Windmill GFC Offer Moyes A Quick Return To Management
East Tyrone was hiving with journalists this morning after it emerged that the newly re-formed Windmill GFC, who previously terrorised the Tyrone football scene, are considering offering David Moyes the vacant managerial position with immediate effect.
Moyes, who was this morning sacked by Manchester United, is said to be ‘considering his options’ and has been trying to find Windmill on Google Maps. An attractive package is being mulled over at the clubrooms in order to attract the Scot with an unlimited supply of jellied eels hopefully tipping the scales in their favour. Chairman Vinny ‘cut throat’ Dawson admitted:
“We’re very excited with the deal we’re proposing. As well as the eel situation, we are scouring the lough shore for old barns and sheds that we can do up and give Moyes that realistic rustic feeling of old Ireland that Americans pay millions for. As we speak there’s a shed above Moortown that fits the bill as soon as we can relocate the wild livestock. Moyes is the sort of boy we’ve been after. Ginger, fierce temper and a disregard for dental hygiene. He’ll fit right in here.”
Moyes’ PR woman has already touched down in Belfast and was quick to fan the flames of current rumours:
“David is a real eel man. He’s always making jokes about eels like ‘It’s a eely nice day today’ and all that type of stuff. In fact, he’s mad about them. Also he thinks Windmill also sounds romantic, like Niagara Falls or Ayers Rock. Paradise even. I think he visualises rolling glens with windmills twirling gently on hilltops and fair maidens dancing gaily in frocks with buckets of fresh milk draped across their shoulders. I’m heading that direction now to confirm his fantasies. I’ll be taking in Ardboe, Brocagh, Carnan and Ballinderry too.”
Meanwhile, Windmill are hoping to secure the services of Mickey Coleman to sing ‘The Old Cross of Ardboe’ and ‘Stop Yer Ticklin Jock’ before his unveiling.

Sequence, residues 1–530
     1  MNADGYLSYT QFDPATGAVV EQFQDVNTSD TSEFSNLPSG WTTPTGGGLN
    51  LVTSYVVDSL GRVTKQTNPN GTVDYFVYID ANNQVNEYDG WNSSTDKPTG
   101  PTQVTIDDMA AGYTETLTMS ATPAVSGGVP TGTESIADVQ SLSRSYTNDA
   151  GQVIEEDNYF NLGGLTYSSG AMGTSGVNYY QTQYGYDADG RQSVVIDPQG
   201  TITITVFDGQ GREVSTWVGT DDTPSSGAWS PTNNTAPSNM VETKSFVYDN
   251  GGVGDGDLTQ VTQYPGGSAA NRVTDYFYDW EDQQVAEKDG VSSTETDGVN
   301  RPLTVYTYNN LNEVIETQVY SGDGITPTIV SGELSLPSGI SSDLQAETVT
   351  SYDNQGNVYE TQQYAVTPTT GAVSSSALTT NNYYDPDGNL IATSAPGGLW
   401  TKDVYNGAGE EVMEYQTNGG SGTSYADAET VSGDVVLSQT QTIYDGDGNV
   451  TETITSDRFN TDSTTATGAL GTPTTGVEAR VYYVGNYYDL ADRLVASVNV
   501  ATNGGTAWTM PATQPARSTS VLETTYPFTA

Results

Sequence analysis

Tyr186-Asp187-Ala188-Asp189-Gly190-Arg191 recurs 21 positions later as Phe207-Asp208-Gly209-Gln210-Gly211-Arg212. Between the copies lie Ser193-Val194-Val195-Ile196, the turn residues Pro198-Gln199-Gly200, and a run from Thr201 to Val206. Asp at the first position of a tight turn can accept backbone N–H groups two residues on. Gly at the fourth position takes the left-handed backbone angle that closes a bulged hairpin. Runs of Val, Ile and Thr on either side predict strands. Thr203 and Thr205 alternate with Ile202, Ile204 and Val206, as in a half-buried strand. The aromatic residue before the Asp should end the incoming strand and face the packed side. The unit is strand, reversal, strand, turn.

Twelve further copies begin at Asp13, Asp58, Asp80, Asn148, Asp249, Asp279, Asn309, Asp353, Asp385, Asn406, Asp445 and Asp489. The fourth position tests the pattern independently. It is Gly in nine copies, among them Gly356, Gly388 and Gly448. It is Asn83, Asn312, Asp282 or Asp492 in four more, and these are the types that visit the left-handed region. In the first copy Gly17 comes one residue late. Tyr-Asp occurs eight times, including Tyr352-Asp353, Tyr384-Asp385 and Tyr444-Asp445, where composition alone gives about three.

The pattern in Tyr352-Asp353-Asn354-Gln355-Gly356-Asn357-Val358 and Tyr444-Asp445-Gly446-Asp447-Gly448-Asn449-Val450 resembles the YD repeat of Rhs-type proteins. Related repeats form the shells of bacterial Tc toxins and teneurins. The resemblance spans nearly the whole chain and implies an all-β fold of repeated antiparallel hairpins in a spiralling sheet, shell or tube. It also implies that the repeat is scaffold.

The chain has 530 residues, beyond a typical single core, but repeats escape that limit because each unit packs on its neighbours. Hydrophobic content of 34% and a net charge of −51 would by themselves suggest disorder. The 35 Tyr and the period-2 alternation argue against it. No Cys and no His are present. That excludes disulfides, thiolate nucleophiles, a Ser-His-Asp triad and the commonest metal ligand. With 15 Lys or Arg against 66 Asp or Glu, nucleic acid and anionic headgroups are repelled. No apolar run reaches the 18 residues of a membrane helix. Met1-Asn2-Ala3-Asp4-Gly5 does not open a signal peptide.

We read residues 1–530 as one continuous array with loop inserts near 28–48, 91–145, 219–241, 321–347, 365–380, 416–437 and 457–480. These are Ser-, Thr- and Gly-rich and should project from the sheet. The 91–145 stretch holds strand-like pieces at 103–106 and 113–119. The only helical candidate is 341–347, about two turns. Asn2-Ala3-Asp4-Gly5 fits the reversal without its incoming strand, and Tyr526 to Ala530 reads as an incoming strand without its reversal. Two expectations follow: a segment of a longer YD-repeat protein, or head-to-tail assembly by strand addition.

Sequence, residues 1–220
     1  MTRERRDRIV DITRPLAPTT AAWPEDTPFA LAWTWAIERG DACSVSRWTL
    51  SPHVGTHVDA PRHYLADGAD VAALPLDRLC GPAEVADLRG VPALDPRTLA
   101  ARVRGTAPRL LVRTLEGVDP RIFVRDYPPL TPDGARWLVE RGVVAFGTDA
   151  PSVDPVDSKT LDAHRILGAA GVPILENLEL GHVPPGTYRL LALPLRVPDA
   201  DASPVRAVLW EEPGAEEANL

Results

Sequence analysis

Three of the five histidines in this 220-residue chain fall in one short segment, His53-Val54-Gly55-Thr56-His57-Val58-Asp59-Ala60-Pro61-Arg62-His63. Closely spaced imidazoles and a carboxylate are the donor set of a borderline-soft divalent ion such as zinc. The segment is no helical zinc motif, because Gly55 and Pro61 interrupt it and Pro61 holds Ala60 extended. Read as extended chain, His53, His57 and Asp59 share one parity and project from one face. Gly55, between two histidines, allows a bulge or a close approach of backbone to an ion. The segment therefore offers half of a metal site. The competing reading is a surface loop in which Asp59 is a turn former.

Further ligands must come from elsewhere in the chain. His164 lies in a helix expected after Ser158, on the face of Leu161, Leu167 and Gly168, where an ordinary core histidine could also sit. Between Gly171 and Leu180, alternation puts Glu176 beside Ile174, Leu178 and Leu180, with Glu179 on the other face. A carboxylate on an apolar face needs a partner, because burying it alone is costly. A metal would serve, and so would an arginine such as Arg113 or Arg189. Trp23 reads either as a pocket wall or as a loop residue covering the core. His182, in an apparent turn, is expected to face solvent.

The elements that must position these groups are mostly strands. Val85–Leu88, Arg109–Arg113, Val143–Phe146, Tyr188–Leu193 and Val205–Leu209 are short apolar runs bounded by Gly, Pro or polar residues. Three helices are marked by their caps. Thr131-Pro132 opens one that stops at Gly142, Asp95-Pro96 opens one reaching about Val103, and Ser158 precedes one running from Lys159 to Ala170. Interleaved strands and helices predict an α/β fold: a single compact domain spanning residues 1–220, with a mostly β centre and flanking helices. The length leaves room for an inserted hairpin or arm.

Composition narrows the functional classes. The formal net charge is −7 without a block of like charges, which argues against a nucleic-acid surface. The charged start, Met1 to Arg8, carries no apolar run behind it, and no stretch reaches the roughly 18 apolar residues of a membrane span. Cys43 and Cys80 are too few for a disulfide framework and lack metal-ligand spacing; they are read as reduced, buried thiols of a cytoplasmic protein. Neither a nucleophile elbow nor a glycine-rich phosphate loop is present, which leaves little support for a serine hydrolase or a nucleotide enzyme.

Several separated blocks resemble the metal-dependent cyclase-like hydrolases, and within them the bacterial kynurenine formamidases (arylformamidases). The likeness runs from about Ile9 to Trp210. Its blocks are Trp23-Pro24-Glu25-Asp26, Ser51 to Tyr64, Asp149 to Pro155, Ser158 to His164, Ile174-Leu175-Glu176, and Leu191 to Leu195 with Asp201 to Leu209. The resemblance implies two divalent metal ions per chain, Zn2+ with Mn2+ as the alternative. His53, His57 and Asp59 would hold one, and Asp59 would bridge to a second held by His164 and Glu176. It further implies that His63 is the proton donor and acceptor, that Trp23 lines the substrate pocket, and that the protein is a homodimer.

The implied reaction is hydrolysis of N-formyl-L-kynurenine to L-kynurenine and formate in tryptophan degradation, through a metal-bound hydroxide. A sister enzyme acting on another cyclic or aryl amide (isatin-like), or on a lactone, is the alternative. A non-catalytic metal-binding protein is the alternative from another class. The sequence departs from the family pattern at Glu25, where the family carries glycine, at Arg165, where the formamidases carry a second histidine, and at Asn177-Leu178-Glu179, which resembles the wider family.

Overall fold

Councillors ‘Deadly Embarrassed’ As Council Debt Spirals To £20 Million
Total council debt in Tyrone has spiralled to £19.8m, it has been revealed, with Omagh’s local authority accounting for £10.3m, and Dungannon & South Tyrone Borough’s standing at £5.2m. Magherafelt is the only local authority which is currently debt-free.
Commenting on Omagh’s £10.3m debt with only the flimsiest grasp of the scale of the problem, Councillor Enda McMann said,
“Over £10 million? Jaysus. That’s unbelievable isn’t it? Although to be honest it was a mighty night out”, he said sheepishly. “We were all in Tally’s and the hard stuff was flowing. I didn’t think we spent that much, but I suppose thon flaming sambuca yolks don’t pay for themselves, do they? £10 million. Eff me pink. We shouldn’t have ordered all them sandwiches. That can’t have helped”.
McMann spent all day Wednesday ‘doing his bit for the people’ to re-coup some of Omagh’s portion of the loss, by looking for spare change down the back of all the chairs and seats in the Council building, and investigating whether refunds can still be obtained at newsagents on empty bottles of pop.
In the event that these measures fail to recover the loss, Omagh Council last night called an emergency general meeting and produced a number of hare-brained, half-baked, ill-considered, knee-jerk solutions to be put into place from 1st December, including: –
• Parking charges for all cattle. Standing in any one part of a field – first 20 minutes free, then 50 pence for every hour, or part thereof. Discounts on Sundays and Bank Holidays.
• Auctioning off every Dungannon Swifts player. Reserve price £200 each, or £250 with extended warranty.
• Renting the Garvaghey Complex to Manchester United as a spare training ground.
• Controversial ‘Tayto Tax’. Charge of £100 on any member of the public eating crisps during daylight hours in an open space. £125 for grab bags.
• Privatising Hugo Duncan. Again.
• Sightseeing tours of the new Newell’s store in Coalisland.
In the meantime Omagh Council has ordered an investigation into how the debt could have spiralled out of control. It will be undertaken by an independent analyst, and is likely to cost £300,000.